In Emily the Criminal, a modest crime drama gets mixed with strong character work and a savage social critique of American society. The overall effect is superb: had I managed to see the film last year it likely would have made my annual top 10. As it is, and now available to stream on Netflix, it is a small gem just waiting for viewers to discover it. You should make sure that you do.
Emily (Aubrey Plaza) works as an independent contractor delivering food for a catering company. As a convicted felon she struggles to find full-time employment, or to make ends meet. A co-worker suggests she apply for a dummy shopper opportunity to earn an extra few hundred dollars. When that opportunity turns out to be a scam using dummy visa cards, a desperate Emily still goes through with the task. Once the first crime has been committed, she struggles to return to the straight-and-narrow.
First and foremost, Emily the Criminal is a showcase for lead actor Aubrey Plaza. She remains best known for her comedic work in television series Parks and Recreation, but here she demonstrates an equal talent for drama. There is a wonderful ambivalence to her performance. We learn very early on that she carries a criminal record for assault, but not why or how she gained it. She can see she is a talented artist, but her record is preventing her from finding a job in design or marketing. Even when she appears to score an interview for an entry-level position we quickly discover that life seems maliciously stacked against her (Gina Gershon makes a pitch-perfect guest appearance as the marketing executive who interviews her).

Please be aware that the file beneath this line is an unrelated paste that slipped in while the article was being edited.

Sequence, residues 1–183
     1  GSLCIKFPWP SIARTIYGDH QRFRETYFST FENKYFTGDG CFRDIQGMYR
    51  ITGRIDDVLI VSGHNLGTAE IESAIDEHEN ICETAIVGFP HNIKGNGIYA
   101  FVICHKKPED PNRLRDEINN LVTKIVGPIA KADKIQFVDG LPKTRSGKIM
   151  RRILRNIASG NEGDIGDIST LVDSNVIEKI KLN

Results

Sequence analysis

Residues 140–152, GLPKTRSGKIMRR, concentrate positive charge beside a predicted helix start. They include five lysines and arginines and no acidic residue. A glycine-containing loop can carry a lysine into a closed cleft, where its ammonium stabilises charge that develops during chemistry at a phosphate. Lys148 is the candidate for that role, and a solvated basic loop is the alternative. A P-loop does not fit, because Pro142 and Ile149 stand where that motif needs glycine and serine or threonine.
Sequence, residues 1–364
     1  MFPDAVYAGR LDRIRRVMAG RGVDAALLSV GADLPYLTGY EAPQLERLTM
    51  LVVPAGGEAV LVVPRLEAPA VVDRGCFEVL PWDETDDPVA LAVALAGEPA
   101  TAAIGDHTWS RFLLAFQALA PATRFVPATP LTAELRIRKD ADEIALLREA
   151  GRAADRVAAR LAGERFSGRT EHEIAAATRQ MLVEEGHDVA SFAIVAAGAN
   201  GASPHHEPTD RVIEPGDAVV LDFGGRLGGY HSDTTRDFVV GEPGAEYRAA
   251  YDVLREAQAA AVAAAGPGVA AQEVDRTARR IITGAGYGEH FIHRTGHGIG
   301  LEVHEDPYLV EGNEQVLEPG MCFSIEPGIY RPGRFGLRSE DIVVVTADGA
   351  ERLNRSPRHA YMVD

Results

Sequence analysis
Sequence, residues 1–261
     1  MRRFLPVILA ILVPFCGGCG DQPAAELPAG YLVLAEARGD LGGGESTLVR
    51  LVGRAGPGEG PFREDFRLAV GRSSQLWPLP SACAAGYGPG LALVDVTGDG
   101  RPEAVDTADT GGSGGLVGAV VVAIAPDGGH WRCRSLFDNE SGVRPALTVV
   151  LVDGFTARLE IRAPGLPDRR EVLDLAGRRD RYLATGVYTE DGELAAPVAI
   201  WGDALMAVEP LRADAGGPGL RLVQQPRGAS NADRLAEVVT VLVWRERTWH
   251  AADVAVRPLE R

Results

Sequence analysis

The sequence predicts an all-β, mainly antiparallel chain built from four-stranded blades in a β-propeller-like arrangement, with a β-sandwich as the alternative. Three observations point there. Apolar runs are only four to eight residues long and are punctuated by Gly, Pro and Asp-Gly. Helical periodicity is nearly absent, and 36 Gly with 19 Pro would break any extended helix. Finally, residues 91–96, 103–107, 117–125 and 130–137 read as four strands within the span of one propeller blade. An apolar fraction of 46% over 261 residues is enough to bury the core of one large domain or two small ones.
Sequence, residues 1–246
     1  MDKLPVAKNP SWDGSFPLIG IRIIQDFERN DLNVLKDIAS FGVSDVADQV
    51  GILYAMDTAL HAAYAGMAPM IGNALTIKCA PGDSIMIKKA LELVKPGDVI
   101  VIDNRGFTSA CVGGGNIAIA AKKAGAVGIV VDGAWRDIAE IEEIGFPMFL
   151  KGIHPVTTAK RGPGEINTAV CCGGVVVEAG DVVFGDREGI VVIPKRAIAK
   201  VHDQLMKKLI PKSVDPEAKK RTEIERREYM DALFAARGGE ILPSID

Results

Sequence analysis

Emily’s unwanted life provides the perfect avenue for writer/director John Patton Ford to bleakly satirize America’s economy and society: everyone loves a comeback story, but there is no path to actually make that comeback. Salaries are low, unions are discouraged, and workers get exploited everywhere. Complaining about it leads to unemployment and ridicule. It is enough to make a life of crime understandable – even appealing.
Ford uses this bleak environment to do something fascinating with Emily. We meet her well into her life of hardship, and are encouraged to sympathise with her position. Her first criminal act – using a fake credit card to buy a television – seems a forgivable offence. The second? Perhaps less so. By the climax Emily is committing serious crimes in such a cold-blooded fashion that it has become near-impossible to side with her any more – but where should we have drawn the line? Was she ever a sympathetic character at all?
Tightly cut to a sharp 93 minutes, Emily the Criminal is an energetic and resonant film with strong performances (Theo Rossi is excellent as the fraudulent Youcef) and a powerful, to-the-point screenplay. It establishes Ford as a new talent to watch, and further cements Plaza’s place as one of Hollywood’s top tier talents.